Dept of Pharmacology
Role of cancer secreted chaperones as mediators of tumor promotion and metastasis

Keith Kirkwood, Ph.D .
Associate Dean for Research
College of Dental Medicine
P38/MK2 /signaling and post transcriptional mRNA regulation




Masahiro Kono, Ph.D.
Associate Professor
Department of Ophthalmology
Structure and Function of G protein-coupled receptors

Yiannis Koutalos, Ph.D.
Department of Ophthalmology
Sensory signal transduction and cell biology of visual receptor neurons; regulation of cell metabolism

Dhandapani Kuppuswamy, Ph.D.
Associate Professor
Department of Medicine, Division of Cardiology
Mechanism of focal complex formation following integrin activation and the role of this complex in altering cell architecture and survival

Donald R. Menick, Ph.D.
Department of Medicine, Division of Cardiology
Signal transduction pathways mediating gene expression

Thomas A. Morinelli, Ph.D.
Assistant Professor
G Protein-Coupled Receptor Trafficking

Robin C. Muise-Helmericks, Ph.D.
Associate Professor
Department of Regenerative Medicine & Cell Biology
Hollings Cancer Institute
Role of the Ets family of transcription factors in angiogenesis and lymphoid development

Anna-Liisa Nieminen, Ph.D.
Associate Professor
Drug Discovery and Biomedical Science
Mechanisms of photodynamic therapy, Thiol-dependent sensitization of tumors to hypoxic cell killing

Besim Ogretmen, Ph.D.
Department of Biochemistry and Molecular Biology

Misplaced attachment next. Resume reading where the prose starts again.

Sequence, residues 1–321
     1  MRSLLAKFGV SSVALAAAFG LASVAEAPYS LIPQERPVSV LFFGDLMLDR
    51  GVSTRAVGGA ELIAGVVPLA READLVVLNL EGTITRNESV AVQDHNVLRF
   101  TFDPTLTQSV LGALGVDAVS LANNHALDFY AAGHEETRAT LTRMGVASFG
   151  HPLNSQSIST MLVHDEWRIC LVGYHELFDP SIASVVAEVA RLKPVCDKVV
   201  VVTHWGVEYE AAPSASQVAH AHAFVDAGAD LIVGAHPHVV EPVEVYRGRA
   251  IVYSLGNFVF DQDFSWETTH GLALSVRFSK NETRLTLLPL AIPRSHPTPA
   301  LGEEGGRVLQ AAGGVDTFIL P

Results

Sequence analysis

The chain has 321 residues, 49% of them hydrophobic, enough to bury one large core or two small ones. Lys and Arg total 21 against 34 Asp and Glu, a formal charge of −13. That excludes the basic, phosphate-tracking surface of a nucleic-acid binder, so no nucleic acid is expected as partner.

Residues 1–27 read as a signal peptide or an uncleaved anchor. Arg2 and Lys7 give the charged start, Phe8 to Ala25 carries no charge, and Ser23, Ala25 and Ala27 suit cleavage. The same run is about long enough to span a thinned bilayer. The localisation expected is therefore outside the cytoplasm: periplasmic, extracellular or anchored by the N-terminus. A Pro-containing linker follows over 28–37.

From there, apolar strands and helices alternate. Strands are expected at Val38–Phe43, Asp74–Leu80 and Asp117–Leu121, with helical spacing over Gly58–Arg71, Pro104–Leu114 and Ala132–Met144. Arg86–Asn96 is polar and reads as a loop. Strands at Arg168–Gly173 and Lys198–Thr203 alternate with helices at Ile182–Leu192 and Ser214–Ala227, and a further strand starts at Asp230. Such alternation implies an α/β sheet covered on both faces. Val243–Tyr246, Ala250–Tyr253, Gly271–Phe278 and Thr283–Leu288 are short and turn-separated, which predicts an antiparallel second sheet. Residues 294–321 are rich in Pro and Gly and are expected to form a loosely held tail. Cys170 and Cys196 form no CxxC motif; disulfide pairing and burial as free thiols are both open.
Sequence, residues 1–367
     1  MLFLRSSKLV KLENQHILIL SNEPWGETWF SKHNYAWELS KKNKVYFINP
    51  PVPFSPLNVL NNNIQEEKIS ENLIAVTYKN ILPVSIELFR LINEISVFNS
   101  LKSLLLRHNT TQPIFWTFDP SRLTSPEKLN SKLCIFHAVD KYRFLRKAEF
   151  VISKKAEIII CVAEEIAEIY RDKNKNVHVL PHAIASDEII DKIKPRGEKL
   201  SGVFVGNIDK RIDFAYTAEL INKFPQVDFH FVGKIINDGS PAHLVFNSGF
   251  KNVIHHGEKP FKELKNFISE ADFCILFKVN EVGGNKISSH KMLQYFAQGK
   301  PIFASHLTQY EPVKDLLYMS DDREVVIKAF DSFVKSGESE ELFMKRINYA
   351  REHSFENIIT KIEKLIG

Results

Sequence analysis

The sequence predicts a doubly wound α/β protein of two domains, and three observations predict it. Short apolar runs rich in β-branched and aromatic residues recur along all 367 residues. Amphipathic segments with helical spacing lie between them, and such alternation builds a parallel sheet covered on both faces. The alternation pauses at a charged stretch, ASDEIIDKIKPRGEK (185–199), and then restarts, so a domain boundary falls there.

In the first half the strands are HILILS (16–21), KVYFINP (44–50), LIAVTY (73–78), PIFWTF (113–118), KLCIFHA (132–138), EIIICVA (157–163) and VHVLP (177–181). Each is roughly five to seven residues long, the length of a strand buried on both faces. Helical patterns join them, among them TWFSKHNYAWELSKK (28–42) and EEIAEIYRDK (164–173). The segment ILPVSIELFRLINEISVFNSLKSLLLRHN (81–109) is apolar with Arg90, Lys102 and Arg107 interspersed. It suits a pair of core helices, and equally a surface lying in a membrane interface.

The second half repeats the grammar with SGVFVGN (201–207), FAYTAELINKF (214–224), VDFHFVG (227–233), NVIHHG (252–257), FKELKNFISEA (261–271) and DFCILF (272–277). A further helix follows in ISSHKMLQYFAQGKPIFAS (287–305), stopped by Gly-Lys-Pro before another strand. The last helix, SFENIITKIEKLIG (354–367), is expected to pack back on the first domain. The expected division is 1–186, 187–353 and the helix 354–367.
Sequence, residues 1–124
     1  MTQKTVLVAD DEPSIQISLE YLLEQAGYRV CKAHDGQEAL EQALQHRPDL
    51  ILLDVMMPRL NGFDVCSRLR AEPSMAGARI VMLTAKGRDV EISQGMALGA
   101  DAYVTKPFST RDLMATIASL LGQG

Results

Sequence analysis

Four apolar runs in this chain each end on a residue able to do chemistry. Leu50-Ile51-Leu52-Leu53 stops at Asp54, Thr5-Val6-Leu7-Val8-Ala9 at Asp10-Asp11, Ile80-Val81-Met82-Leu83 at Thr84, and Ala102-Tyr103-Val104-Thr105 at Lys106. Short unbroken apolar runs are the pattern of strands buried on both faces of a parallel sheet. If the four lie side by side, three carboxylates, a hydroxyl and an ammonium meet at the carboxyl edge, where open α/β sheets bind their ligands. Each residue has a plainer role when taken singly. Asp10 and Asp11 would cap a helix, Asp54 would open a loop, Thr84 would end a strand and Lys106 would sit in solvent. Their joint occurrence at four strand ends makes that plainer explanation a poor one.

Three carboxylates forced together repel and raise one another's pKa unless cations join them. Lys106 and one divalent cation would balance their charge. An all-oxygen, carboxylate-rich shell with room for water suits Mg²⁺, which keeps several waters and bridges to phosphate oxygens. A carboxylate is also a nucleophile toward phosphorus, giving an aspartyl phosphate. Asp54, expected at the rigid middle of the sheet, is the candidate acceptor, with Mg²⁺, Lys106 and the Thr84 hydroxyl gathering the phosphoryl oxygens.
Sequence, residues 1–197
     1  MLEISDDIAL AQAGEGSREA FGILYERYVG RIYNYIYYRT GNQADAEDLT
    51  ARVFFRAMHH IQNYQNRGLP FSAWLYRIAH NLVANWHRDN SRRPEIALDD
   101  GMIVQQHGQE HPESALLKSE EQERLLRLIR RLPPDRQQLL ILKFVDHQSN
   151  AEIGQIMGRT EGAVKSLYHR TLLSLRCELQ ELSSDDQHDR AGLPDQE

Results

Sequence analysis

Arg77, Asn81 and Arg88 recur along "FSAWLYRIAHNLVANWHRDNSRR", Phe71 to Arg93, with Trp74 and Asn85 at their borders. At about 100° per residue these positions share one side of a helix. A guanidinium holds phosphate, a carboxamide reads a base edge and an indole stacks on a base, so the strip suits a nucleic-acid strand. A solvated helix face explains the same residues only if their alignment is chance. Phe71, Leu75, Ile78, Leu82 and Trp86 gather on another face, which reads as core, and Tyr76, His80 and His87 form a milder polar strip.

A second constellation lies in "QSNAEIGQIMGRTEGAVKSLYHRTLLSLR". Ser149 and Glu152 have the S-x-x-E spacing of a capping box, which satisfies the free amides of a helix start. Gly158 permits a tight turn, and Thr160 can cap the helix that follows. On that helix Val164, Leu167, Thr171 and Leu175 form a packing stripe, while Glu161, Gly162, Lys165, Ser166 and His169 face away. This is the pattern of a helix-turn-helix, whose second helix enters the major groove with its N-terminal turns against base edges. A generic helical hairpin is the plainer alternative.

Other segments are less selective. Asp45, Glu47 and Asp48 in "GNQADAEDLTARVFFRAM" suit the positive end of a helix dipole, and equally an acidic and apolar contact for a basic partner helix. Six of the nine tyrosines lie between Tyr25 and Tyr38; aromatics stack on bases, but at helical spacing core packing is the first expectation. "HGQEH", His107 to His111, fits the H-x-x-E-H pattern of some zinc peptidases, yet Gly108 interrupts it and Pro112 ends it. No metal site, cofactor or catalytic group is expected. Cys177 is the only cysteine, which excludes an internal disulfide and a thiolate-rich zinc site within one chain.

Regulation of cell growth by novel ceramide and reulation of telomerase

Visu Palanisamy, Ph.D.
Assistant Professor
Craniofacial Biology
Regulation of mRNA stability mechanisms in oral cancer

Chandrakala Puligilla, Ph.D.
Assistant Professor
Pathology & Laboratory Medicine
Molecular Induction, Cellular Fate Specification and Patterning of the Mammalian Auditory System

Baerbel Rohrer, Ph.D.
Retinal development and genetics of retinal degeneration

Steven A. Rosenzweig, Ph.D.
Cell and Molecular Pharmacology
Tumorigenesis, angiogenesis, hypoxia-inducible factor, IGF-binding proteins, receptor tyrosine kinases, and protein:protein interactions

Rick G. Schnellmann, Ph.D.
Professor and Chair
Drug Discovery and Biomedical Science
Signaling pathways of cell injury, death (apoptosis and necrosis) in epithelial and cancer cells, and regeneration of epithelial cells following injury

Adam J. Smolka, Ph.D.
Department of Medicine
Host/pathogen interactions

Elena Tourkina, Ph.D.
Assistant Professor
Department of Medicine, Division of Rheumatology & Immunology
Role of Caveolin-1 during lung fibrosis and inflammation in Scleroderma and other Intenstitial lung diseases

Paula Traktman, Ph.D.
Dean, College of Graduate Studies
Professor, Microbiology & Immunology
We study the cellular protein kinase VRK1 and its roles in regulating nuclear morphology, cell proliferation, cell migration, mammary oncogenesis, spermatogenesis, and oocyte maturation

Dennis K. Watson, Ph.D.
Laboratory of Cancer Genomics
Pathology & Laboratory Medicine
Transcriptional and post-transcriptional regulation

Elizabeth Yeh, Ph.D.
Assistant Professor
Department of Cell and Molecular Pharmacology and Experimental Therapeutics
Growth factor receptors, Protein Kinase Signaling, Cell death/survival mechanisms